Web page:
For hyperparameter optimization, I switched from Hyperopt to Optuna over the years, following this in-depth blog post. Reasons for this switch were numerous. Among others:
- Poor Hyperopt documentation
- Ease of integration with PyTorch Lightning for optuna
- Visualization of the hyperparameter search
Tips that will save you a LOT of time: to allow graceful model restart after the pytorch_dl container crashes for whatever reason (server reboot, server low on resources, etc.), I replay the whole TPEsamplings of the finished runs with the same random seed, and start the unfinished trial from the last saved checkpoint. This allows me not to waste hours on an unfinished run each time something unexpected happens on a server.
For my R&D experiments I use screen and more and more tmux (a good ref on tmux) scripts to launch hyperparameter optimization runs.
Hyperparameter comparison is very easy thanks to plotly parallel coordinate plot.
Finally, I use a custom reporter container to compile a tex template into a beamer pdf. Think jinja2 like tex template that you fill with PNGs and CSVs specific to each run to produce a PDF that is the perfect conversation starter with the businesses/clients when they come to understand Machine Learning Model performance (main confusions, label repartition, performance, etc.).
These architecture patterns drastically simplify coding new functionalities. If you are familiar with Accelerate, then you know it is no lie that having a good codebase can reduce the time taken to implement a new feature by a factor of 10 to 50, and I can attest to it :).
Should you need to add a message broker to your microservice architecture, I can recommend rabbit MQ as it is a breeze to plug within a python code thanks to the pika library. But here I have nothing to say on the alternatives (except readings: kafka, redis…) as I have never worked with them so far :).
Solution 3: Handling low-level separation of concerns – good code architecture
Having a clear separation of concerns between containers allows to have a very clean container-level architecture. Look at this fantasy (but the one I advocate! :)) dependency graph for a pytorch_dl container:
and the chronology of the different module actions:
High level view of the different regroupment of modules I advocate for:
- Adapters transform a raw CSV to a CSV dedicated to a particular prediction task.
- Filterers remove rows of the passed CSV if they fail to pass given filtering criteria (too rare label, etc). For both filterers and adapters, I often have generic classes implementing all the adapting and filtering logic and inheriting classes overriding the specific adapting/filtering logic of each given filter/adapter (Resource on ABC/protocols).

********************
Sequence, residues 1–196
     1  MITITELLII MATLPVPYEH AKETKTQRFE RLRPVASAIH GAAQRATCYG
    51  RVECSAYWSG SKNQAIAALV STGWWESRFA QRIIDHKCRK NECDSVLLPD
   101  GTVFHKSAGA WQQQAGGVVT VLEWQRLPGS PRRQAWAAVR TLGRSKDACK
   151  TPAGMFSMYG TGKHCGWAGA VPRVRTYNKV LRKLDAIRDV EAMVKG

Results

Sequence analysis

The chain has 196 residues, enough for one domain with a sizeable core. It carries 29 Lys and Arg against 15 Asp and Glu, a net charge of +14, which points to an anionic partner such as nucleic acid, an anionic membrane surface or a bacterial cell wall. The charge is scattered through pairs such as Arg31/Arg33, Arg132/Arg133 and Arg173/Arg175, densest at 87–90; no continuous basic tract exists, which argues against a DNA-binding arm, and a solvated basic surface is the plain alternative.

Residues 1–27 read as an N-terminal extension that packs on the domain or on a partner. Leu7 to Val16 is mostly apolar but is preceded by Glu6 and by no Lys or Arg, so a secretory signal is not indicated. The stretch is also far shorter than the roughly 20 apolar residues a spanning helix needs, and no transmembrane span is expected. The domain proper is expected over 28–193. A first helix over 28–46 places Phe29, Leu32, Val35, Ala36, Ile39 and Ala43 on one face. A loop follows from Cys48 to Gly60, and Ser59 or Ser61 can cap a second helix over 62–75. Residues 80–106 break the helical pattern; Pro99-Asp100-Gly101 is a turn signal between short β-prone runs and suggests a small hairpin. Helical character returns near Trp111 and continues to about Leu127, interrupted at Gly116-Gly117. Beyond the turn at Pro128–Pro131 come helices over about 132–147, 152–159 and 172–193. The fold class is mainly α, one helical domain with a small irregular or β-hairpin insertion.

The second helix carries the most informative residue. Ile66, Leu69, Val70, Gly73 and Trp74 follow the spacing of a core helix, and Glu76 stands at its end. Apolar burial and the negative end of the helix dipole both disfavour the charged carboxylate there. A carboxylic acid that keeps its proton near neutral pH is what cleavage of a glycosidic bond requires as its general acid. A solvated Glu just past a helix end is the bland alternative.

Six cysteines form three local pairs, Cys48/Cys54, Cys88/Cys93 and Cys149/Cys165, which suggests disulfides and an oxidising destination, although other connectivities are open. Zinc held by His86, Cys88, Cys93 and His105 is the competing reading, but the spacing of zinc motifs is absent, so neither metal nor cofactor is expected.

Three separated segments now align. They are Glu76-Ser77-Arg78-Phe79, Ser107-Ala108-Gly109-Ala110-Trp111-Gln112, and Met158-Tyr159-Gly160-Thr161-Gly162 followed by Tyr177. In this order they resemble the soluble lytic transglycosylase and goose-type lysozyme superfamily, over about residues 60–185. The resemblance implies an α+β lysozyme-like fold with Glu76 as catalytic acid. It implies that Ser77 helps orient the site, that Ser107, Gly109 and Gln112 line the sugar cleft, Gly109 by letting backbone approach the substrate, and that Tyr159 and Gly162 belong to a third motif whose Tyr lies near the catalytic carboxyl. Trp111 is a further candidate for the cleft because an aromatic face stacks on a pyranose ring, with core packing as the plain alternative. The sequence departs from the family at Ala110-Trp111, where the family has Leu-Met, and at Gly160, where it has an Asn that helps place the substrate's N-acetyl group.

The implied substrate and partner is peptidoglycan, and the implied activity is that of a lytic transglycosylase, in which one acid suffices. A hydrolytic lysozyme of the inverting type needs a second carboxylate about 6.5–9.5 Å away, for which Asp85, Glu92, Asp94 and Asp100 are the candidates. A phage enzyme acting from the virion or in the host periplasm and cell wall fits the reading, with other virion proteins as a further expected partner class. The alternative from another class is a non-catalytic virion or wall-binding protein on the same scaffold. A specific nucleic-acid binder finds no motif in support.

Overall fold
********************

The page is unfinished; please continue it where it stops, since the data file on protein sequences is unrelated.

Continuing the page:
- Featurizers are always based on sklearn and essentially convert a CSV into a dictionary of feature names (string) to NumPy arrays. Here I wrap the usual suspects (TfidfVectorizer, StandardScaler) into my own classes, essentially because (for a reason unknown to me), sklearn does not offer memoization for its featurizers. I do not want to use pickle as it is not a security-compliant library and does not offer any protection against sklearn version changes. I thus always use a homemade improvement on this.
- PyTorch contains the Dataset, Dataloader, and Trainer logic.
- Model reports produce the pdf beamer reports already talked about above
- Taggers regroup deterministic techniques to predict (think expert rules) on rare data, for instance. In my experience, the performance of DL models can be improved with human knowledge, and you should always consider the possibility of doing so if feasible.
- MLConfiguration contains the ML data model: enums and classes that do not contain any processing methods. Think Hyperparameter class, PredictionType Enum, etc. Side note: use Enums over strings at all places where it makes sense (closed list of things)
- The pipeline plugs together all the elementary bricks.
- Routes contain the FastAPI routes that allow other containers to ask for predictions on new data. Indeed I left Flask aside for the same reasons that I left-click aside for Typer – less boilerplate, ease of use and maintainability, and even more functionalities. Tiangolo is a god :). I glanced at TorchServe to serve models, but given the project sizes I have been working on in my career, I did not yet feel necessary to commit to it. Plus TorchServe is (as of July 2022) still in its infancy.
I now always enforce regroupment of modules dependencies of my different codebases with a custom pre-commit hook. This means that each time someone tries to add new code that adds a new depency, a discussion is triggered between collaborators to evaluate the relevance of this new dependency. For instance, I see no reason as of today to create a dependency on model reports from pytorch given the architecture I presented. And would always vote against ml_configuration depending on anything.
Solution 4: Simple configuration Data Model thanks to Pydantic
To avoid config in code as an untyped giant dictionary, I enforce the use of Pydantic for all configuration/Data model classes. I even got inspiration from the best Disney movies 🙂 (see code snippet)
This enforces a configuration defined in one and only one place, hopefully in a JSON file outside the code, and thanks to Pydantic one-liners to serialize and deserialize the configuration. I kept an eye on Hydra, but as explained here (very good channel) for instance, the framework may be too young and will presumably be more mature and more natural in a few months/years.
In order to update the frozen configuration with the optuna trial, I usually just define a dictionary of mute actions (a mute action value for each hyperparameter key present in the optuna trial).
Solution 5: Handling legacy models with frequent automatic retrains